McGowen was the son of James McGowen, a boilermaker, and his wife Eliza Ditchfield, immigrants from Lancashire and was born at sea, on the "Western Bride", on the way to Melbourne. His father worked building in bridges, initially in Victoria, and later in New South Wales. After limited schooling he was apprenticed as a boiler maker in 1870. He became a member of the United Society of Boilermakers and Iron Shipbuilders of New South Wales on its establishment in 1873, he became secretary in 1874. He entered the railways department and in 1888 was elected president of the executive of Trades Hall committee. He worked hard and successfully to raise funds to build the Trades Hall at Sydney.
In 1891, the New South Wales Trades and Labour Council established the Labor Electoral League, which developed into Australian Labor Party, and McGowen stood for election to the New South Wales Legislative Assembly seat of Redfern and was one of 35 Labor candidates to win and the most experienced unionist. He held the seat continuously to 1917.
While the Australian Labor Party eventually became the most disciplined in the world, the first Labor parliamentarians were almost as independent as their fellow parliamentarians. McGowen was one of three to sign the "pledge" to abide by party discipline. As a result of his increasingly skillfulness as a parliamentarian and his relative seniority he became Labor's parliamentary leader in 1894. After the 1898 election George Reid's Protectionist Government was dependent on Labor to push through New South Wales' adoption of Federation. McGowen's support for Federation was critical to Labor maintaining its support for the adoption of measures to implement Federation, even though it remained opposed to the Constitution adopted, which it saw as biased in favour of business interests. McGowen stood for the Federal seat of South Sydney in 1901, but was narrowly defeated.
McGowen's honesty and judiciousness were reassuring the public and were a major factor in Labor's 1910 election win. While he was Premier from to 1913, he was not an effective director of the parliamentary party, which he left to his deputy, William Holman. As well as Premier, he was also Colonial Treasurer during most of 1911 and Colonial Secretary from December 1911, both important portfolios. In 1913, while Holman was in England, he attempted to settle a gas workers' strike by threatening to replace them with non-union labour. This alienated the party and Holman deposed him as leader on his return in June 1913. McGowen became Minister for Labour and Industry until January 1914.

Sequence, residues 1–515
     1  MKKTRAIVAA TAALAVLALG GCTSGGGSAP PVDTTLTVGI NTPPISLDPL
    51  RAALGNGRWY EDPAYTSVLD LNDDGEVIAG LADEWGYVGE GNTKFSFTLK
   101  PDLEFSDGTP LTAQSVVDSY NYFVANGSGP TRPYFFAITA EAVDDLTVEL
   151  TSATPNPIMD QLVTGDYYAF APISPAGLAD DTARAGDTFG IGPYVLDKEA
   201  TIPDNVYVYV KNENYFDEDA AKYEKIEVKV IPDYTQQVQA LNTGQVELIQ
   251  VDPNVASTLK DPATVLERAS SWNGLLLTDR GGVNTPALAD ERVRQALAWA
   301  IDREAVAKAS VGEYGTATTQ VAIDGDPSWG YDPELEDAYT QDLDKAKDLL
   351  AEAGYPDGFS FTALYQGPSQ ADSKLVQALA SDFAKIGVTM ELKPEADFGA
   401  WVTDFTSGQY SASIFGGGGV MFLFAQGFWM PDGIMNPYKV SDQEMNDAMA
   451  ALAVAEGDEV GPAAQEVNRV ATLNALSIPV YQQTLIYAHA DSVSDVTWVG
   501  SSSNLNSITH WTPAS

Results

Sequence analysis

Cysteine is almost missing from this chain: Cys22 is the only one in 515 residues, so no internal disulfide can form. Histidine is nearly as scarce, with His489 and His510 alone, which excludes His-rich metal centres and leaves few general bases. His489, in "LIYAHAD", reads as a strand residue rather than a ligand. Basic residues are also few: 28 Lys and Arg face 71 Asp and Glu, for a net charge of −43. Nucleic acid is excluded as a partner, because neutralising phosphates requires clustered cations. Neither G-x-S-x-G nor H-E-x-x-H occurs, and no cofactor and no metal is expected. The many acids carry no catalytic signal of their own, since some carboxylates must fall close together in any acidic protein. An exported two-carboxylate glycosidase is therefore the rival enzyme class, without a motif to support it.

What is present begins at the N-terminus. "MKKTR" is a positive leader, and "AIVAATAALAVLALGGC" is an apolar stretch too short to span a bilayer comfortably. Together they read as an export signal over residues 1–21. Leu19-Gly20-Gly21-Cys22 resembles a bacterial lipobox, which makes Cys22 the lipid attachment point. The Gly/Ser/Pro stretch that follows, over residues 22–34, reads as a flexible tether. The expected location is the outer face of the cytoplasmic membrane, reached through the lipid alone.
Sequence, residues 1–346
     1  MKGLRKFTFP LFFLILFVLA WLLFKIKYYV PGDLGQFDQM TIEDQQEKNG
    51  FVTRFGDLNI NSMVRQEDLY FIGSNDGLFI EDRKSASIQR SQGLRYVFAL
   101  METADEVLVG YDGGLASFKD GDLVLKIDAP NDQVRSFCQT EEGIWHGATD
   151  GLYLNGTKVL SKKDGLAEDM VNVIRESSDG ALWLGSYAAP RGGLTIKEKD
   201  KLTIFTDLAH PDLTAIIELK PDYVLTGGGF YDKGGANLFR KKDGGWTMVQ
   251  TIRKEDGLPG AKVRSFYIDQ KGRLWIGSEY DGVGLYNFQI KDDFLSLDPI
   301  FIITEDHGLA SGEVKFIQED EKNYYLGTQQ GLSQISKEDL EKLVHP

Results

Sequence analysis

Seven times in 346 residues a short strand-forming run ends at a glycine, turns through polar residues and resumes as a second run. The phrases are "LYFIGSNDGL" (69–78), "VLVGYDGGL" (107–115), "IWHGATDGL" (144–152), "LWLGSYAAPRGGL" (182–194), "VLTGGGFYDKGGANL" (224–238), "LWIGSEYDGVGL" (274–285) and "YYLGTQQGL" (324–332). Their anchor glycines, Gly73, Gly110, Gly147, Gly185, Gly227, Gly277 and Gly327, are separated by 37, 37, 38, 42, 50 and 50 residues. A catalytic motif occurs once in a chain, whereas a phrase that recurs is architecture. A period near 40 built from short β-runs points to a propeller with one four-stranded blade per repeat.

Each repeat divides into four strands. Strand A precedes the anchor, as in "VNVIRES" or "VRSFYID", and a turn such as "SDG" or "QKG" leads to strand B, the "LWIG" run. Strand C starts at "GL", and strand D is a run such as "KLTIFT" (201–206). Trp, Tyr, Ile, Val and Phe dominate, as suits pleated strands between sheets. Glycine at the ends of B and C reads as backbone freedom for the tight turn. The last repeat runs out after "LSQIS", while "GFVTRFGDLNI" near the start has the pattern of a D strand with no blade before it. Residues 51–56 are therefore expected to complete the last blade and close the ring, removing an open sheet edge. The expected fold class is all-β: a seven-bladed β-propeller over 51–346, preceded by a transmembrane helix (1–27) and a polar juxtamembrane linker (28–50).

In regards to social reform, the new state Labor government carried out an active policy of subsidising hospitals and dispensaries in order to bring about the realisation of universal health care system. However, opposition by doctors to state control forced the government to concentrate on financing new and existing institutions, such as nursing services for remote bush districts, while Friendly Societies were subsidised and membership encouraged. As a result of the state Labour government's efforts, improved low-cost medical services were made widely available throughout New South Wales. In addition, public works were expanded, and important educational reforms were enacted, together with reforms in electoral law, income tax, arbitration, and housing for workers.
Three of his sons served in World War I, including one killed at Gallipoli in 1915 and he was a strong supporter of Australia's involvement in the war. The 1916 Labor conference decided to oppose conscription. McGowen disagreed and was expelled along with most of the parliamentary party.
At the 1917 election he was defeated by the official Labor candidate William McKell, but, now Nationalist, Premier Holman appointed him to the then unelected Legislative Council in July 1917.
He died of heart disease in Petersham and was survived by his wife, five of their seven sons, and two daughters. His largely attended funeral was held at St. Paul's Church, Redfern, New South Wales on 8 April 1922, and he was then buried at Rookwood Cemetery.Policy speech 1910.